Horses in Kyrgyzstan

Horses in Kyrgyzstan.

The ancients said, "A brilliant man suited in armour lives in a woman's heart; a saddled fiery horse lives in a man's heart".  

Horses are ‘the wings of the Kyrgyz', according to the ancient proverb. For 2,500 years this valuable beast has been at the hearts of nomadic people - a friend, worker and a source of food. It gave them supremacy over settled cultures, bestowing freedom, carrying yurts and people over the mountains, supplying meat, leather and milk for the national drink - kymyz. Kymyz is a mare's milk which stores in leather vessel (Saba) and allowed to ferment. It's a little sour.

Kyrgyz horses were small, hardy animals; they were able to travel over bare rocks and up steep slopes. They are ideal for travelling over the mountains countryside and enduring the extreme climatic conditions.  Kyrgyz horses tend to be light brown in color with black manes - but there are also grey, black and red horses. They were often named according to their names.

A herd consists of between 15 to 30 horses, one dominant stallion with about 15 mares and a number of young animals. When foals were born their ears or in the case of especially valuable horse - their nostrils were marked. It indicated the tribe, which the certain horse belonged to. They were also marked with a metal brand - the design was called "tamga".

For centuries horses and sheep formed the currency of exchange - used to buy goods, a wife or weapon. During the Silk Road times the Yssun khans had Celestial Horses. The khan was supposed to have his power forever if had a Celestial Horse. These horses were unlike the usual ones. These had long slim legs, very thing and long neck and prolonged muzzles. They eat few and could gallop and jump all over the whole day. They sweat with blood and their meat was sweet and pinkish.

All the Kyrgyz were horse riders. A boy was placed on the horse at already 3 or 4 years. Girls were also taught to ride a horse. Horses helped nomads to migrate from one place to another and to carry their houses yurts. It takes only 2 or 3 horses to carry dismantled yurt. A horse meat is not an ordinary food. Only on the holidays and on some spectacular occasions Kyrgyz cut a horse, for instance weddings, anniversaries or funerals. Horsemeat usually served to honorable guests - the choice of cut helped to define the status of the guest - the rump was given to the most honorable guests. It was considered to have curative value and was given to pregnant women and children to share their strength and wisdom.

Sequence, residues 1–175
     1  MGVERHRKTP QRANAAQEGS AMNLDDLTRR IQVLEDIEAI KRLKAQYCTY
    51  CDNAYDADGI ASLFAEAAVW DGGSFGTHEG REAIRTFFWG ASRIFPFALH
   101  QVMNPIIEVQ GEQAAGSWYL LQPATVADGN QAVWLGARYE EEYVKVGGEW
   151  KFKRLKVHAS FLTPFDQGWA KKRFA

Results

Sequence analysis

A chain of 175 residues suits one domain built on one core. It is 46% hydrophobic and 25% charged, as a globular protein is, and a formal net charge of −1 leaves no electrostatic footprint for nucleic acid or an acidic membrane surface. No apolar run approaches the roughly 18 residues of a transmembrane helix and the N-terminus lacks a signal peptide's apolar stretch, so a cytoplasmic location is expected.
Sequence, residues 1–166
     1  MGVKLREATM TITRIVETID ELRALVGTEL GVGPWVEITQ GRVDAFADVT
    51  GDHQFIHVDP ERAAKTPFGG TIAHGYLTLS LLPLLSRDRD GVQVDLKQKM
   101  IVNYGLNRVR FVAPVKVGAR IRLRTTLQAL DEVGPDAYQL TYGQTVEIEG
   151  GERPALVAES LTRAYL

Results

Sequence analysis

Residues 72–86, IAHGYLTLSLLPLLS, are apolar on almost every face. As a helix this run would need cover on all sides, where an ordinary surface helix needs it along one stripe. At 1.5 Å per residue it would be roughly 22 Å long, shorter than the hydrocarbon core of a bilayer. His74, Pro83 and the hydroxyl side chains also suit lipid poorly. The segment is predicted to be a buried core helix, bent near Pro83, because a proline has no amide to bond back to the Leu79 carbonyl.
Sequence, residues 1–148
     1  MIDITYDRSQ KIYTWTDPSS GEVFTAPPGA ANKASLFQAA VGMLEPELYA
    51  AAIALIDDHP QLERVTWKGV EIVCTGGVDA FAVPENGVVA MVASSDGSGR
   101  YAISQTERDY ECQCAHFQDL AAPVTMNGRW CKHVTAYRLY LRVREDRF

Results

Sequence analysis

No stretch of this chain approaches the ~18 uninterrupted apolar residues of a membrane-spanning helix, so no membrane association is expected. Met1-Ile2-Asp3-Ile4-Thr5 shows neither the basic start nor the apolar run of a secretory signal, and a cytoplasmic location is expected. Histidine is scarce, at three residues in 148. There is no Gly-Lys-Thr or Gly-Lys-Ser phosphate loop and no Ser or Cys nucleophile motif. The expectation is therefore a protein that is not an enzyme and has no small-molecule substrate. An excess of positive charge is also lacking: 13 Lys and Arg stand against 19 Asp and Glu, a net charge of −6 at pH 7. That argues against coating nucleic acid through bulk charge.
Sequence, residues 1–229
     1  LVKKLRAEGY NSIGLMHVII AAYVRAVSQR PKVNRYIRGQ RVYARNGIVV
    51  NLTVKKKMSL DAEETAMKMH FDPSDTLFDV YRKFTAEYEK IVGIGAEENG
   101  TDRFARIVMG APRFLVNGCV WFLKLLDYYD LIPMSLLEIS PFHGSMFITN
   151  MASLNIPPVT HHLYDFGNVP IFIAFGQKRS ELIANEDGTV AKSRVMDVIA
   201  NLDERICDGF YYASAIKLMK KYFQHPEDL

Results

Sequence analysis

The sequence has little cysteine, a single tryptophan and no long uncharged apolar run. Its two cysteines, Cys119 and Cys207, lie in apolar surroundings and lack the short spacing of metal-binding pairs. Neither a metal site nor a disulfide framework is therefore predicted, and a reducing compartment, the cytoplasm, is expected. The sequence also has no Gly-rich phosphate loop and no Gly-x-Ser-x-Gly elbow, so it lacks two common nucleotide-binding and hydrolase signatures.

A horse is a best friend of a warrior. A warrior could never get lost. His horse instinctively knew the way home, so he could let it go and follow. During the trip when a warrior's food stock was over he made an incision in his horse's leg, strained off some of its blood and boiled it on fire, then eat. This way a horse didn't let its master to starve.

When a warrior was terribly injured, a two-year old horse was cut and its guts were given to the wounded warrior to eat up, then the warrior was warped with still warm skin of a horse, and was left alone to have rest.

A lot of traditions and proverbs are connected with horses. There are a lot of occasions and celebrations, where the games connected with horses take place. In the games both man and women and boys and girls take part. These games in Kyrgyzstan are usually on exactness and dexterity. During the game one can see how much is the rider skilled in horse riding.

Ulan-Tartysh (literally "Goat snatching") is a game, similar to the American football but instead of a ball is the body of a sheep or a goat. The participant, who carries a body of a dead animal must attract the attention of a wolf, which is also let go to the field. And when a wolf approaches to the prey, the participant must beat it with a stick and throw it up so that the wolf falls and breaks its bones.

At Chabysh - popular horse racing. To watch these games with gleeful shouts and exclaims is to step back in time. The biggest and most exciting equestrian festival is the four-day At Chabysh Horse Festival, held in autumn each year, when thousands of Kyrgyz gather to reclaim their ancient heritage and celebrate their centuries-old culture.

Oo Darysh - The game for strong and self-confident people. This is a fight on horses. Two participants try to know each other down of the horse. They usually rub themselves with oil so that their bodies were smooth.

Kyz Kuumai - (literally "catch a girl") is a traditional game in which the young man has to catch up with the girl and kiss her while galloping. If he didn't manage, then the girl tries to do the same, but if she does, in stead of a kiss, she gives a man a slight kick with a whip which is called Kamcha.



Welcome to Kyrgyzstan!